Geographic information systems (GIS) refers to the computer hardware and software that supports the management and analysis of spatial information. There has been a recent increase in the development of Internet accessible GIS applications, called Web- GIS (Al-Kodmany, 2001; Carver, Evans, Kingston, & Turton, 2000). Web-GIS facilitates participation among stakeholders through disseminating user interfaces for storing, accessing, and analyzing spatial information using the Internet (Al-Kodmany, 2001; Carver et al., 2000; Dragicevic & Balram, 2004). Participatory and community GIS approaches focus on system design that supports collaboration among organizations serving and representing interests of many constituent groups, including nontechnical users (Carver, 2003; Craig, Harris, & Weiner, 2002; Drew, 2003; Elwood & Ghose, 2004; Elwood & Leitner, 2003; Ghose, 2005; Ghose& Elwood, 2003; Kyem, 2004; Seiber, 2003).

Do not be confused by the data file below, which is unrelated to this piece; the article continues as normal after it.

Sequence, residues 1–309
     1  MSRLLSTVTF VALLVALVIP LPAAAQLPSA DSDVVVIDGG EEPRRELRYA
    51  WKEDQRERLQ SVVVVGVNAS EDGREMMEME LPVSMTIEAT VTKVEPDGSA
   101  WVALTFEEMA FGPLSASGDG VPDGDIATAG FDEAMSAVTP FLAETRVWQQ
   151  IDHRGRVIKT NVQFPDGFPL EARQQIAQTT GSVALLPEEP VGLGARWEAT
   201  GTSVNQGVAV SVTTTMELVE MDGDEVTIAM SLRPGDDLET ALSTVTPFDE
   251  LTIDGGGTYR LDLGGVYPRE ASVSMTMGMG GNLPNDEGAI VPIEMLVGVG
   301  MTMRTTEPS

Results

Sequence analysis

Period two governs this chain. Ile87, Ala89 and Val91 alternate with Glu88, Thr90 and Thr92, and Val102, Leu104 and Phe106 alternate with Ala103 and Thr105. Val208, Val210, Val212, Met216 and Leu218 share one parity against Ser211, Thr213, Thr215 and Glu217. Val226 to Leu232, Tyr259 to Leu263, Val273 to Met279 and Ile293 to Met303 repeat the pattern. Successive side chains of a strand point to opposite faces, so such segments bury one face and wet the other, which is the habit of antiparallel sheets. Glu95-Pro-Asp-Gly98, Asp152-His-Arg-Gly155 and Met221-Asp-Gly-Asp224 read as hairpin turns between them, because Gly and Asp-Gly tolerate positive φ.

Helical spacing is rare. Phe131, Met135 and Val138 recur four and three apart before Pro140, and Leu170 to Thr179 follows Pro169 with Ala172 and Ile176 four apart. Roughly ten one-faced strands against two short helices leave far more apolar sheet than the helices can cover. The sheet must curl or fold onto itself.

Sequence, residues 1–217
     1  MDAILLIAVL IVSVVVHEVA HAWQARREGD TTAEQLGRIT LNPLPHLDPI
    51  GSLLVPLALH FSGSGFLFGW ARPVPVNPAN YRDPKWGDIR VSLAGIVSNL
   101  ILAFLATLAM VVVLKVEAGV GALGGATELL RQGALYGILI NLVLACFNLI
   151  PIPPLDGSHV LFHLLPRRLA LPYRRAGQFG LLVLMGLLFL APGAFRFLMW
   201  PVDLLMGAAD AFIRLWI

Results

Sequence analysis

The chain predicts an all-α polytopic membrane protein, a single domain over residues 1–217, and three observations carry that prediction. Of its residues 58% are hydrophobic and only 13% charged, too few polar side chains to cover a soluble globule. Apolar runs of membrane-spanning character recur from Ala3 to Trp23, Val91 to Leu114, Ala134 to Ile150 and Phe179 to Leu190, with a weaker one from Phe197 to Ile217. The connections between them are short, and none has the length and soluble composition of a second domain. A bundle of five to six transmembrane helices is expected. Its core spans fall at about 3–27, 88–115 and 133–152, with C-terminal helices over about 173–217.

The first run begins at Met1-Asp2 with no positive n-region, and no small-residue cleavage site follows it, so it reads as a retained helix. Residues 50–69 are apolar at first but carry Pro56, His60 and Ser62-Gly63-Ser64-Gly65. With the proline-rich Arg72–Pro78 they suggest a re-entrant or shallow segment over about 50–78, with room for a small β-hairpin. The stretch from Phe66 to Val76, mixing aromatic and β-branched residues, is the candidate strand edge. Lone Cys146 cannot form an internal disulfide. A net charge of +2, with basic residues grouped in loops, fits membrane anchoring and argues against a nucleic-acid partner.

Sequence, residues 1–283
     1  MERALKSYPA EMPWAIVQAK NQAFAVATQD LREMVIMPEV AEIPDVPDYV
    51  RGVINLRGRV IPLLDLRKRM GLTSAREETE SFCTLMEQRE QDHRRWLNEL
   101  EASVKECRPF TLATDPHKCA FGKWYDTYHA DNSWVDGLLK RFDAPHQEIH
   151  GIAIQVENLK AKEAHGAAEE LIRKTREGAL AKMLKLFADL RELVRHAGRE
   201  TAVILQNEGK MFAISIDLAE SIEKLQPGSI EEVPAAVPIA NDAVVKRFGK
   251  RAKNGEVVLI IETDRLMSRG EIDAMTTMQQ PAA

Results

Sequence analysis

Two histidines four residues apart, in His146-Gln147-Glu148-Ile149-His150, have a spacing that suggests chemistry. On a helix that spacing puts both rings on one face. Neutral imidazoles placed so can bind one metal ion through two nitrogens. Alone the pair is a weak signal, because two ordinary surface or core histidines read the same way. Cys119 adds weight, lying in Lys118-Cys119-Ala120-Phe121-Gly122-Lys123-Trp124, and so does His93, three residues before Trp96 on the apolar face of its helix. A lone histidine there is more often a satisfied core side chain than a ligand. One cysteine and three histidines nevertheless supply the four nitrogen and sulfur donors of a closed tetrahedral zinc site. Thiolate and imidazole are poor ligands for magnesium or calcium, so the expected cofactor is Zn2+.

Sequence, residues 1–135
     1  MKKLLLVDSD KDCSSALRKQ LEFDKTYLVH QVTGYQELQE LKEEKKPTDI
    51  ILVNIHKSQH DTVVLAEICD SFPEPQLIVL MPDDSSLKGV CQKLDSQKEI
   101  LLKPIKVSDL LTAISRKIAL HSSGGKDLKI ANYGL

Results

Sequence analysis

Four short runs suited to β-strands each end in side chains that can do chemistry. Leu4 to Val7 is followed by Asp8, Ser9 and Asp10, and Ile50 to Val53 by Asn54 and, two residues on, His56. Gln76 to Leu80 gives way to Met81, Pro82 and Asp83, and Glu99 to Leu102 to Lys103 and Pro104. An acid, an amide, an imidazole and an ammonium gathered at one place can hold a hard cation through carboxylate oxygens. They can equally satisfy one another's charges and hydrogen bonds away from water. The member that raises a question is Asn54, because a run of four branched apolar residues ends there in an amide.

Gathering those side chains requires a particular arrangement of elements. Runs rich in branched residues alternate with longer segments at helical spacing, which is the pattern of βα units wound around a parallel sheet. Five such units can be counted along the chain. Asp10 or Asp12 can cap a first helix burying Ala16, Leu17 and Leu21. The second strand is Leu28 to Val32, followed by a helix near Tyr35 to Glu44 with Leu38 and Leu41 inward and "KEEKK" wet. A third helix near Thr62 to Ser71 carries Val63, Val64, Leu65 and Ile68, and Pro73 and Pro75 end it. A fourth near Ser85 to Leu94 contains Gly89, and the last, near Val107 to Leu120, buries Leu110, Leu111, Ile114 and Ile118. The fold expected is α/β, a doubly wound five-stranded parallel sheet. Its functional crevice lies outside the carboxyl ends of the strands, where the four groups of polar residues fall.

Key Terms in this Chapter
GIScience: The science associated with developing and advancing GIS and technologies.
Participatory GIS: A GIS that has been designed to involve multiple stakeholders and seeks to increase engagement in advocacy, planning and management processes among participating groups
Web-GIS: A GIS that is developed using Web resources disseminated through the Web, or involves Web-based communication
Geographic Information Systems (GIS): The computer hardware and software that supports the management and analysis of spatial information.
Spatial Data: Information that identifies the location of features in alignment with georeferencing systems, along with attributes qualifying that information
Geovisualization: The visual communication aspects of displaying spatial information.
Geocollaboration: The collaborative aspects of designing and using spatial information resources.